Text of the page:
6. 6. CONNECTED LEARNING: HARNESSING THE INFORMATION AGE TO MAKE LEARNING MORE POWERFUL ALL4ED.ORG 5 Core properties for a connected learning experience Students in connected learning environments should have experiences that align to the three contexts discussed above. The properties below will help ensure that youth are able to access a wealth of knowledge and be active participants in a self-directed learning process. yy Production centered. Digital tools provide opportunities for producing and creating a wide variety of media, knowledge, and cultural content in experimental and active ways. In these learning spaces, youth not only have access to digital production tools but also work in structures that support editing and learning from another person’s work in a shared network. For example, a workshop or class on robotics can include a skills-based curriculum as well as an online community where youth can share their work. yy Shared purpose. Social media and web-based communities provide unprecedented opportunities for cross-generational and cross-cultural learning and connection in a way that supports and encourages common goals and interests. Collective goal-based projects, collaborative/competitive situations, and cross-generational experiences are key elements of a shared purpose. For example, these elements can be seen in schools where students are placed in teams with an experienced game developer competing for the best role-playing game, in which students and the professionals vote and create the rubric for judging. yy Openly networked. Online platforms and digital tools can make learning resources abundant, accessible, and visible across all learner settings. In a connected learning experience, youth have access to inclusive and cross-institutional networks with multiple points of access and open assessment, badges, and certificates. For example, a video-editing and production workshop program can be offered free of charge at a high school, community college, and community center within one city, while students also have access to an online community that allows each participant to communicate without regard of physical location.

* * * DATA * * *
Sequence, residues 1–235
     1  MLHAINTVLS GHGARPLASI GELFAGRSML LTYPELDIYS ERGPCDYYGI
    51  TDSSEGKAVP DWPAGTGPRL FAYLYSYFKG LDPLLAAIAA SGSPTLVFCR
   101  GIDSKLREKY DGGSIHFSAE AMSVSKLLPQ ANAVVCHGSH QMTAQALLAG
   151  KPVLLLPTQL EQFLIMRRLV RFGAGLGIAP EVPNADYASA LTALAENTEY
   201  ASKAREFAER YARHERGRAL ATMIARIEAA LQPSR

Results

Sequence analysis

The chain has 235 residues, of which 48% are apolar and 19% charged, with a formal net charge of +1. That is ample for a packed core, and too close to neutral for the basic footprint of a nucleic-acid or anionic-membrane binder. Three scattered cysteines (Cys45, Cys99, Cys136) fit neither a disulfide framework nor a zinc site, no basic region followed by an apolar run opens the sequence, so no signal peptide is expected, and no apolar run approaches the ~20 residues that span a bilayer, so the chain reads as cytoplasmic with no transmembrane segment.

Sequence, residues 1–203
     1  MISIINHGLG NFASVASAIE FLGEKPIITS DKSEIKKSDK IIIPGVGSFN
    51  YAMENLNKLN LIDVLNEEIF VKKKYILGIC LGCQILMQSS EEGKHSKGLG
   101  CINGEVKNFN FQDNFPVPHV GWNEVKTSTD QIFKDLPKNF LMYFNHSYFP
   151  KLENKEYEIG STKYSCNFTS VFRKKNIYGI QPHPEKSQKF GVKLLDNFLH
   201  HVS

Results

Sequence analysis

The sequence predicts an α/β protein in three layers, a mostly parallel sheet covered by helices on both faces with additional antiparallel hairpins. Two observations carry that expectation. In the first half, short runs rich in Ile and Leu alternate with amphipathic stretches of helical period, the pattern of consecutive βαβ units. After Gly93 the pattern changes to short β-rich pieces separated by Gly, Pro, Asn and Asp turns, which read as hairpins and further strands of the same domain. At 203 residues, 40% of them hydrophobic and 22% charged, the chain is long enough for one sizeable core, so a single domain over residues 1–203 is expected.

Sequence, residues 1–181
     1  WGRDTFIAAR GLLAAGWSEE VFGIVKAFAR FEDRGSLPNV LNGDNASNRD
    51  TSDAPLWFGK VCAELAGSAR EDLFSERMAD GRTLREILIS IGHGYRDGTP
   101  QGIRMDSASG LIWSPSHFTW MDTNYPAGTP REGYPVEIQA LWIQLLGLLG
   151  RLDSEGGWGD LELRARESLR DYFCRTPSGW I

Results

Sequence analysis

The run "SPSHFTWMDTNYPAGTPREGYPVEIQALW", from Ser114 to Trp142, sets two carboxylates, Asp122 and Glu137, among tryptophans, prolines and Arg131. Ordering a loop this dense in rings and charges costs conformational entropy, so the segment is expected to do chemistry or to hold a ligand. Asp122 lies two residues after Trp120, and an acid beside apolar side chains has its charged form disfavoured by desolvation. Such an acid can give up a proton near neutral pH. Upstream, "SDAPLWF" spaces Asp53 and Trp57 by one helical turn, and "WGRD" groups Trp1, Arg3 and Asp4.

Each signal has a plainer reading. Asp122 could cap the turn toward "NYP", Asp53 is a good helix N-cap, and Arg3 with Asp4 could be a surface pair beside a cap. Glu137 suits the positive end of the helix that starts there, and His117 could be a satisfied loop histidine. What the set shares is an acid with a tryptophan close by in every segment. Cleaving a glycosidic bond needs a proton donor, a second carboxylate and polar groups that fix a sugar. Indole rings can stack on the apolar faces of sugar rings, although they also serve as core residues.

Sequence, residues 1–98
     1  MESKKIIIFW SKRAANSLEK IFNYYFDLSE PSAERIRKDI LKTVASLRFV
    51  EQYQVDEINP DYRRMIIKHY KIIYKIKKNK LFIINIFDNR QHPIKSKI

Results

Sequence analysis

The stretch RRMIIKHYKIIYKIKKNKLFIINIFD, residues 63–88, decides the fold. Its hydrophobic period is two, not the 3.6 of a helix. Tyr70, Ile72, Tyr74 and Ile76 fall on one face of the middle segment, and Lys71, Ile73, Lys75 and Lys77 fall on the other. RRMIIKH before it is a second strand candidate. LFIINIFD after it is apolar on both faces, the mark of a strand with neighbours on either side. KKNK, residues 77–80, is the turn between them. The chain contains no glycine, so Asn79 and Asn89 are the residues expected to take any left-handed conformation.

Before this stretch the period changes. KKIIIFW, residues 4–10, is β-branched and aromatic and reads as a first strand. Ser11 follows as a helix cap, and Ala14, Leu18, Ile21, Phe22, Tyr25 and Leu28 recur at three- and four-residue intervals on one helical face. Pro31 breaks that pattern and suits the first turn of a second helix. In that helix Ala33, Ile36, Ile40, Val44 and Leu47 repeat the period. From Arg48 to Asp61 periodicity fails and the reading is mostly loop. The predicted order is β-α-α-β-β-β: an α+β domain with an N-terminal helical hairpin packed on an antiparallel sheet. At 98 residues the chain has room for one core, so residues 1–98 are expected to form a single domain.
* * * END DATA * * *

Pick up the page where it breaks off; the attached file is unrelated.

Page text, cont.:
7. 7. CONNECTED LEARNING: HARNESSING THE INFORMATION AGE TO MAKE LEARNING MORE POWERFUL ALL4ED.ORG 6 Boss Level at Quest to Learn Public School A Boss Level is a special two-week period that takes place at the end of each trimester at Quest to Learn, a public school serving grades six through twelve that opened in Manhattan in the fall of 2009. Quest is the first school in the country to organize its entire curriculum to be “game- like.” The school is also attempting to incorporate many of the connected learning principles into its school climate; these principles are most fully realized during the Boss Level periods. During Boss Levels, regular classes are suspended, classrooms are rearranged into workspaces, teachers fall into the background, and students work in small teams on a single “challenge” that culminates in a showcase and party for the school’s educators, staff, and family members. Quest educators have challenged students to write and perform short plays based on fairy tales; design and orchestrate a series of outdoor games for an end-of-the-year field day; research and construct a travel website featuring three New York City neighborhoods; build a sculpture from recycled materials; and so forth. In each case, Boss Levels attempt to weave connected learning principles with the structure of school- based practices. Boss Levels are peer supported. Students drive activity during Boss Levels more than at any other time during the year. While educators put students in teams and define the challenges, students take the lead in designing, discovering, and evaluating possible solutions as well as providing each other with ongoing feedback about each other’s ideas and work styles. Boss Levels are powered by individual interests. While Quest educators define the Boss Level challenges, students have extensive opportunities for connecting Boss Level projects to their own interests. For example, when a Boss Level challenge recently asked students to write, stage, and perform short plays based on fairy tales, students wove numerous interests and cultural forms from their out-of-school lives into the productions. One scene took place in a medieval coffee shop called “Moonbucks.” Plots and characters drew inspiration from popular books, video games, music, and movies, and several students with an interest in fashion worked on costumes. The Boss Level thus blurred conventional divisions between education and peer cultures. Boss Levels are academically oriented. By treating the Boss Level as the culminating academic experience for every trimester, and by showcasing the students’ work in front of family members and members of the New York City design community, Quest bestows academic legitimacy on forms of work that are not easily measured by standardized assessments. At the same time, Quest attempts to link Boss Level challenges to more widely recognized academic domains and competencies. For example, the Rube Goldberg machine challenge required students to put into practice knowledge about physics and simple machines that they had been learning over the course of the trimester. Similarly, Boss Levels encourage students to approach design challenges from the perspective of “systems thinking,” a twenty-first-century literacy that educators emphasize in their instruction throughout the year. CONNECTED LEARNING AT WORK The following examples describe connected learning in real settings, both in and out of school.